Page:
Ratio of Debt-to-Income
Lenders use a ratio called "debt to income" to decide your maximum monthly payment after you have paid your other recurring debts.
How to figure the qualifying ratio
Usually, underwriting for conventional mortgage loans needs a qualifying ratio of 28/36. An FHA loan will usually allow for a higher debt load, reflected in a higher (29/41) ratio.
For these ratios, the first number is how much (by percent) of your gross monthly income that can go toward housing. This ratio is figured on your total payment, including homeowners' insurance, homeowners' dues, PMI - everything that constitutes the full payment.
The second number in the ratio is the maximum percentage of your gross monthly income which can be spent on housing costs and recurring debt together. Recurring debt includes things like car loans, child support and credit card payments.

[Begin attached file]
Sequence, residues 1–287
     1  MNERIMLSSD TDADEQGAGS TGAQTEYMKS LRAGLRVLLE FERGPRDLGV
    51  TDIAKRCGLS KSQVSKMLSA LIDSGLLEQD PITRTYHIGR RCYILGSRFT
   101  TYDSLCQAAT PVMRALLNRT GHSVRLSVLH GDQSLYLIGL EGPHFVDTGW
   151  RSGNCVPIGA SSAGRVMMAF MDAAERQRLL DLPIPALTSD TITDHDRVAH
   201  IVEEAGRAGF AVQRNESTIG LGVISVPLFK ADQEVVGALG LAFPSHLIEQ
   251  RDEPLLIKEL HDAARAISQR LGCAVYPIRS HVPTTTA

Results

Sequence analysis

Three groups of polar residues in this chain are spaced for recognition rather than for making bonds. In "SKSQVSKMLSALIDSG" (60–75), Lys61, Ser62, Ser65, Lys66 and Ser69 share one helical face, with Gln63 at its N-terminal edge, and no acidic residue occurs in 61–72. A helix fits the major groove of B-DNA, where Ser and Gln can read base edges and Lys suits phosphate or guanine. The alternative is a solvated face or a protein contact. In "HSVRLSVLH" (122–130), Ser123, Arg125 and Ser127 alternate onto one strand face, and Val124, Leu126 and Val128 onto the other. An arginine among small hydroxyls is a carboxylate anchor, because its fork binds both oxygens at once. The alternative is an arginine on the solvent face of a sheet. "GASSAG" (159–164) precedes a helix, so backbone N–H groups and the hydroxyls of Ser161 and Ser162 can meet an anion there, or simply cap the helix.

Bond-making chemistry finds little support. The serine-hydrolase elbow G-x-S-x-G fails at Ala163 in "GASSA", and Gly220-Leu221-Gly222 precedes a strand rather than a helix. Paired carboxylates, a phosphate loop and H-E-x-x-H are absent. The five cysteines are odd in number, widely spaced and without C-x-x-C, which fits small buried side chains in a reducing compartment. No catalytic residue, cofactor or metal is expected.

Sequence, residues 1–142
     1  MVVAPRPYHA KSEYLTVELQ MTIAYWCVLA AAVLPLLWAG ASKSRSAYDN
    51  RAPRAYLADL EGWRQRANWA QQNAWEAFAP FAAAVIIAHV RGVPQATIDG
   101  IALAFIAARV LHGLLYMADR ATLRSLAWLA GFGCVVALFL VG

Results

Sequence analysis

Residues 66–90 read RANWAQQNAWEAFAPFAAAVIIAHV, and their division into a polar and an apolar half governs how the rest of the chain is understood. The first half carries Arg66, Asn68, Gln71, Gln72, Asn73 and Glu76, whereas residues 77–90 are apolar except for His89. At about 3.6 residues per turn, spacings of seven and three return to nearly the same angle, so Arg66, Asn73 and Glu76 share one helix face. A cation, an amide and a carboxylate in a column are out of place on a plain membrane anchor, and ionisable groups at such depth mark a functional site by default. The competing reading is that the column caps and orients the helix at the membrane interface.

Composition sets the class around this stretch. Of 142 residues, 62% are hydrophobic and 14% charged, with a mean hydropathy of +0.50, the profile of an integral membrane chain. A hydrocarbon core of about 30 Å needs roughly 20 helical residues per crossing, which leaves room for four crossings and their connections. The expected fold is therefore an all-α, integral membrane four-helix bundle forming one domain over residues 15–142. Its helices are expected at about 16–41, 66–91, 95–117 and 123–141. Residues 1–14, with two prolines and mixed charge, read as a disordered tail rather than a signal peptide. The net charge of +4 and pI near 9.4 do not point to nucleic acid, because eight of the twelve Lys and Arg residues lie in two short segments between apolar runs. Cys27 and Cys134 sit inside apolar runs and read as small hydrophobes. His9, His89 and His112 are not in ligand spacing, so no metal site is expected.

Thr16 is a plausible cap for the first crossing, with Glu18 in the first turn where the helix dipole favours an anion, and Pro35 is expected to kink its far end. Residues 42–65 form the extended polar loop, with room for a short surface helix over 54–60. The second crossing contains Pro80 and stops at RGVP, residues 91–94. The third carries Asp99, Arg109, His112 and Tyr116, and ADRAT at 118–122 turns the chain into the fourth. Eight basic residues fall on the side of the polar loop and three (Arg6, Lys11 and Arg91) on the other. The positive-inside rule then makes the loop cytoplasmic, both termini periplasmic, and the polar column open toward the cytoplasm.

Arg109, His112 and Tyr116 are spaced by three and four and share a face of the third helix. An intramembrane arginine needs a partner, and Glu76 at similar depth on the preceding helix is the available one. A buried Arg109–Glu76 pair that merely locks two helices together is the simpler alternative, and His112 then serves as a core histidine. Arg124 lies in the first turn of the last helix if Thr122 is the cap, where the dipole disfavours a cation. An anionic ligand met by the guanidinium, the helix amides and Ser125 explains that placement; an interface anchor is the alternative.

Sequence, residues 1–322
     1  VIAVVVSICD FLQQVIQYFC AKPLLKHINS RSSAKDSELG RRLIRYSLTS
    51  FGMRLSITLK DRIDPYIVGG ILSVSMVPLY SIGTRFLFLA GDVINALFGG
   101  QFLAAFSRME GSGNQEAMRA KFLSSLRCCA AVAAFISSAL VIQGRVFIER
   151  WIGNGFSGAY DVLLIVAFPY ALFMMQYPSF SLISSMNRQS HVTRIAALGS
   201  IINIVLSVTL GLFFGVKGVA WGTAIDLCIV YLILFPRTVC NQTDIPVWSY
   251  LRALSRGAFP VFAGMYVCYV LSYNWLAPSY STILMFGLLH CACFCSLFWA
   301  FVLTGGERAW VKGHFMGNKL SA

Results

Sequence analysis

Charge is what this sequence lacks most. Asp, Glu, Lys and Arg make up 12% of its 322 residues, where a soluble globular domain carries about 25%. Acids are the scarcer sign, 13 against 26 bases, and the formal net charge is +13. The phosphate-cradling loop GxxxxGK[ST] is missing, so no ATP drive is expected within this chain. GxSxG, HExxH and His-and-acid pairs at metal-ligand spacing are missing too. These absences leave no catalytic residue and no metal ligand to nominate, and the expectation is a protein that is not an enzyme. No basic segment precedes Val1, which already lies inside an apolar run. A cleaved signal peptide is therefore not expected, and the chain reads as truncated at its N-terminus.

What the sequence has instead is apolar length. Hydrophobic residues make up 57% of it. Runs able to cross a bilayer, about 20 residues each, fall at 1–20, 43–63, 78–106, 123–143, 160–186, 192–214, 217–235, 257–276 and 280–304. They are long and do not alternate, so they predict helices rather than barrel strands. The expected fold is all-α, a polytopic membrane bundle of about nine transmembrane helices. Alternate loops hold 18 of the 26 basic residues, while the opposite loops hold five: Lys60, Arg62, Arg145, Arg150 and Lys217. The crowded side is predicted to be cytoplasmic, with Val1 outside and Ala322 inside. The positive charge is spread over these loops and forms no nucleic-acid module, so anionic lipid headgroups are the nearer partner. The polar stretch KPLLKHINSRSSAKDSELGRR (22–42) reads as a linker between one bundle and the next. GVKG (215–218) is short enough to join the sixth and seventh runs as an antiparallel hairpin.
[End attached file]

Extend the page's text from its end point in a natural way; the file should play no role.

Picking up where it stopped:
Some example data:
A 28/36 qualifying ratio
- Gross monthly income of $2,700 x .28 = $756 can be applied to housing
- Gross monthly income of $2,700 x .36 = $972 can be applied to recurring debt plus housing expenses
With a 29/41 (FHA) qualifying ratio
- Gross monthly income of $2,700 x .29 = $783 can be applied to housing
- Gross monthly income of $2,700 x .41 = $1,107 can be applied to recurring debt plus housing expenses
If you want to run your own numbers, feel free to use our Loan Qualifying Calculator.
Remember these ratios are only guidelines. We will be thrilled to go over pre-qualification to determine how much you can afford.
The Mortgage Firm - Team Meyers can answer questions about these ratios and many others. Give us a call at (407) 889-4321.